With all that has been and is being learned about SARS-Cov2 during the pandemic, there is a marked shift in what we think and do in taking charge of our health. Dr. Razdolsky has always advocated for the study and support of oral health to overall systemic health, and with the latest interest in how nutrition impacts related underlying health condition risk to COVID-19 case severity, could there be a correlation to oral health as well? Recent research suggests, yes. There could be a link between gum disease and COVID-19.
While not everyone with gum disease has heart disease or vice versa, historically there does seem to be a correlation. Although research is not clear whether gum disease is a direct risk factor for heart disease, it has been suggested there is link between the two. Some believe pathogens can cause cascading damage to other tissues and organs, or even the bacteria in the gums may itself enter the blood supply where it can further cause inflammation and damage. In fact, one study published earlier this month suggests a link between gum disease and respiratory failure in COVID-19 patients! With such tragic consequences, it is theories like these that have compelled researchers to further study how diet, oral health and systemic health can provide insight not only into COVID-19, but other diseases as well. Imagine what we can learn about not only this virus, but how we as human beings may react to future unknown threats.
“We already know that good oral hygiene along with eating a diet of nutrient rich foods promotes healthy teeth and gums, as well as provides our bodies with the right fuel to stay healthy and strong,” said Dr. Razdolsky. “It has become increasingly apparent how important it is for us to look at these same factors in relationship to how they keep us healthy and fight disease for life.”
It is estimated that obesity attributed to bad nutrition affects about 35% of U.S. adults, with a disproportionate number of those at the bottom of the socio-economic scale. This becomes increasingly evident as cases of the COVID-19 virus are recorded in population groups with these related demographics and underlying health conditions. Studies have indicated Americans are among the least healthy population in the developed world. According to the 2019 Bloomberg Healthiest Country Index published February 2019, the United States ranked 35th out of 169 economies in factors that contribute to overall health. Most can agree we choose processed food over farm-fresh, and packaged or prepared food over cooking it ourselves. It is almost assured a shift to healthier, more balanced meals with fresh ingredients, vegetables and fruit would benefit our society by helping to lower obesity, high blood pressure and diabetes which has become an ever-growing trend.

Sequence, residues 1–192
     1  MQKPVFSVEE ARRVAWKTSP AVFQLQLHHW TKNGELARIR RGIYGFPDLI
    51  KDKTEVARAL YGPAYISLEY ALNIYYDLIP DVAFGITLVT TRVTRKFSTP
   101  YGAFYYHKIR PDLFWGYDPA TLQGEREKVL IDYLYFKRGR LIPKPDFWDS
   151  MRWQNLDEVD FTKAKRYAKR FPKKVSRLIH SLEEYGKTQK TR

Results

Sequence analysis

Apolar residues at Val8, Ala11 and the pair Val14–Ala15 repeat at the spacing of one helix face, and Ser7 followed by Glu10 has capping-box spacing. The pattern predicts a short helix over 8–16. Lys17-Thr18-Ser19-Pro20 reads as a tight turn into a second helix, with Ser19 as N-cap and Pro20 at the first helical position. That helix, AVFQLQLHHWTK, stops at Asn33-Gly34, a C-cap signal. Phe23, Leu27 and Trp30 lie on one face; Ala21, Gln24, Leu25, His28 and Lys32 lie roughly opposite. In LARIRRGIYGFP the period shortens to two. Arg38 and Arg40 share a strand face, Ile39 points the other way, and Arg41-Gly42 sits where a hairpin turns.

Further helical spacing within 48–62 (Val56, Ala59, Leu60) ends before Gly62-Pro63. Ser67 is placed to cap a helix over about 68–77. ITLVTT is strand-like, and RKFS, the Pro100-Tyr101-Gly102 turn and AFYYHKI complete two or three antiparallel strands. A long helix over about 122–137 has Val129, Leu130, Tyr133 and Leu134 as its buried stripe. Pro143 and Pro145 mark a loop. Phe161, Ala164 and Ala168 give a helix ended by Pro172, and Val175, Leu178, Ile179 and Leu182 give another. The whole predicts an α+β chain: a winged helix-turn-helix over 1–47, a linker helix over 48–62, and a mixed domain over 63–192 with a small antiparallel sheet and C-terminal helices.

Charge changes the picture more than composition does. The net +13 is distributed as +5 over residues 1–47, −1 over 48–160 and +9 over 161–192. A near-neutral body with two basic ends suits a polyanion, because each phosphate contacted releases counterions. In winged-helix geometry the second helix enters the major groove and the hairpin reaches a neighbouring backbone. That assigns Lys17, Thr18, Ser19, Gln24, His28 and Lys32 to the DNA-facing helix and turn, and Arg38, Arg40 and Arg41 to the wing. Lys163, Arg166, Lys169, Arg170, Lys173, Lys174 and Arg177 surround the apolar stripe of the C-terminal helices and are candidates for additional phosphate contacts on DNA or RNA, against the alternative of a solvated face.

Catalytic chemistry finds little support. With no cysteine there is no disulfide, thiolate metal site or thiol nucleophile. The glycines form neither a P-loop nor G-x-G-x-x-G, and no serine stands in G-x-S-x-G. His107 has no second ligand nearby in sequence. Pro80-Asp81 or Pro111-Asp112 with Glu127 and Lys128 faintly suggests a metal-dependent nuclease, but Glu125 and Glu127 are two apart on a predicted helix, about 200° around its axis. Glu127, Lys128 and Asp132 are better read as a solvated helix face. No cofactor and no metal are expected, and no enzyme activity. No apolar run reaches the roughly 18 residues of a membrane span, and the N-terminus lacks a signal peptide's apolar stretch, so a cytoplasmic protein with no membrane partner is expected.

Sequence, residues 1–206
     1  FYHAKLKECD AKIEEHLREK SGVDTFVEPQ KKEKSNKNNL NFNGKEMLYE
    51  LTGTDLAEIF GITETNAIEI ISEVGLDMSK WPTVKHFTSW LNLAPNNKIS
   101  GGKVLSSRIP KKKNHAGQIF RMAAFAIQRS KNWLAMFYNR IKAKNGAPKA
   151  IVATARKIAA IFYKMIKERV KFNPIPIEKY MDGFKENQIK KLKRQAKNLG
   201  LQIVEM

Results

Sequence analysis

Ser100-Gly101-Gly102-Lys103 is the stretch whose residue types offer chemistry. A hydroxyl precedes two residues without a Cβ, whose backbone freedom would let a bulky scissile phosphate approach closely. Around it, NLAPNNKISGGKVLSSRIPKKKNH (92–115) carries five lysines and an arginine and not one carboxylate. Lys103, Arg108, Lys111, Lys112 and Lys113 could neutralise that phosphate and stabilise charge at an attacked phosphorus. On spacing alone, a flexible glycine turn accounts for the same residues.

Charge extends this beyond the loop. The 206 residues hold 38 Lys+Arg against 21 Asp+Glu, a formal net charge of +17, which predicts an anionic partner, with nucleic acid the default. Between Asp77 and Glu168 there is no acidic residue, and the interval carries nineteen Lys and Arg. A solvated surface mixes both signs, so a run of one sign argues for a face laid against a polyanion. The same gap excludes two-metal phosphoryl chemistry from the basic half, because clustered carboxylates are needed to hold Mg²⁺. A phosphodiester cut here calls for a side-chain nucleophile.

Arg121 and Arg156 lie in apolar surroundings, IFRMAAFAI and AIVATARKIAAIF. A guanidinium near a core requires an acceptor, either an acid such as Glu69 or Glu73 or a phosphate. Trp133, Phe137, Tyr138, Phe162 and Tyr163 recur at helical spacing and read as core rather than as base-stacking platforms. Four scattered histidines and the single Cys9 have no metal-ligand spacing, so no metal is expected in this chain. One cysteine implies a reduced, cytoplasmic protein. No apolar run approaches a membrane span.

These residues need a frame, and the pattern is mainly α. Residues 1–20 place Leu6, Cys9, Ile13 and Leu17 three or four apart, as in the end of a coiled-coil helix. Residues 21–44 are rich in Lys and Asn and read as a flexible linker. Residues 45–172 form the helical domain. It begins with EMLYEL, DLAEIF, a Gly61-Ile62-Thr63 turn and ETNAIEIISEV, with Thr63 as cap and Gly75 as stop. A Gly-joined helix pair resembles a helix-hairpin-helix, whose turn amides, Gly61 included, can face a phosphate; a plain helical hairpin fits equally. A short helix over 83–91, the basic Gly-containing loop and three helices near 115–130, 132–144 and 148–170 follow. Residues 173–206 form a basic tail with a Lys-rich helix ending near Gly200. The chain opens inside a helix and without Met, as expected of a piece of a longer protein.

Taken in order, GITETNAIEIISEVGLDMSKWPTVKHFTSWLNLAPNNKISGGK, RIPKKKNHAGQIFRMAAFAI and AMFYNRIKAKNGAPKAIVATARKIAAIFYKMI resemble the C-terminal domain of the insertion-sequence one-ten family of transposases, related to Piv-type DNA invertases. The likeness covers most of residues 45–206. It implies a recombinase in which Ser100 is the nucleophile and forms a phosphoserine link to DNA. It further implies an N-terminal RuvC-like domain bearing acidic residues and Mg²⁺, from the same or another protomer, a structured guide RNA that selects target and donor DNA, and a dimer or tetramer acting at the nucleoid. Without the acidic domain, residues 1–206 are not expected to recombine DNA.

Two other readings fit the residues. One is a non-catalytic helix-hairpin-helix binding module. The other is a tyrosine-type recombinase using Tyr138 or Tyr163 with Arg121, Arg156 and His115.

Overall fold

Sadly, many of us have picked up more than one bad habit during COVID-19. Stress eating, a change to comfort foods rather than nutritious balanced meal planning, increased junk food consumption or even boredom eating. We are all a little guilty, right? Working toward healthier eating has always been a challenge, but with the COVID-19 pandemic, we are looking scientifically and introspectively at our at-risk populations with high levels of obesity, high blood pressure and diabetes.
“Smart snacking is a great way to keep your oral health on track, so you should choose wisely. Forgo the sweet sugary snacks, especially hard or sticky candy if you wear braces.” said Dr. Razdolsky.
Dr. Razdolsky suggests that instead of junk snacking we should opt for nutritious choices like fresh vegetables, yogurt, and if you have a sweet tooth, some fresh fruit. This benefits not only your oral health but is a much better option for your overall health.
“Let me also remind everyone it is important to brush after snacking to protect your smile,” said Dr. Razdolsky. “This protects your teeth and gums from plaque which can lead to gum disease impacting your long-term oral health. If you can’t brush at minimum rinse your mouth and between your teeth to remove food particles until you can get to brush,” he added.
Maybe in this post-COVID society, our wellness habits will change for the better. Perhaps we will finally begin to recognize how we must educate ourselves and our children to address the necessary changes that positively impact the health and well-being of our society in the long run. All of these things are tied together. A smile, is not just a smile and our health is not something we should take for granted. COVID-19 was not something any of us expected, but we must learn and adapt. You know… just in case.